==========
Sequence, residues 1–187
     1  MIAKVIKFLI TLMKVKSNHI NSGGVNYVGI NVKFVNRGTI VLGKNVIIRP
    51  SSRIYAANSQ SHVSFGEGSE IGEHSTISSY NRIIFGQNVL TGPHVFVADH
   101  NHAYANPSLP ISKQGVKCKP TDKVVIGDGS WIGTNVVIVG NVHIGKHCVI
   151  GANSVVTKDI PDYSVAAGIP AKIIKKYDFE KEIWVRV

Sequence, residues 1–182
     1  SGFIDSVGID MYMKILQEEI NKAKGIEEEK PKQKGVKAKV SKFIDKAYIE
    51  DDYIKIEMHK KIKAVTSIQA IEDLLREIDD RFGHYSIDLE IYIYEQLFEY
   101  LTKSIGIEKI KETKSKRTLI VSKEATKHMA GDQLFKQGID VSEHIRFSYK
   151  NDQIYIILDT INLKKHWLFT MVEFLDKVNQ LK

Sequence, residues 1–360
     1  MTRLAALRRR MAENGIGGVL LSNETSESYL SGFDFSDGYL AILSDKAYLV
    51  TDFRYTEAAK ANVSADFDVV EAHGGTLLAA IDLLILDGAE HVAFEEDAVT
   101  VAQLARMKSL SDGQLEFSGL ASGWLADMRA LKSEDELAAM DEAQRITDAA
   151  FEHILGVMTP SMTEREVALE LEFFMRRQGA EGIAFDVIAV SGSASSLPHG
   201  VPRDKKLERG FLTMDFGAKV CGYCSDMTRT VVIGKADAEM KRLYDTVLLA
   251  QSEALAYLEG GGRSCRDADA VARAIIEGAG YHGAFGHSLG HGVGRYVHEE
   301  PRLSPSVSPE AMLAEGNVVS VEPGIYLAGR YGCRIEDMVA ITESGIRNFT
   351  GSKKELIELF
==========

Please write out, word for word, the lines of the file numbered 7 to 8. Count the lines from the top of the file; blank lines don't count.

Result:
     1  SGFIDSVGID MYMKILQEEI NKAKGIEEEK PKQKGVKAKV SKFIDKAYIE
    51  DDYIKIEMHK KIKAVTSIQA IEDLLREIDD RFGHYSIDLE IYIYEQLFEY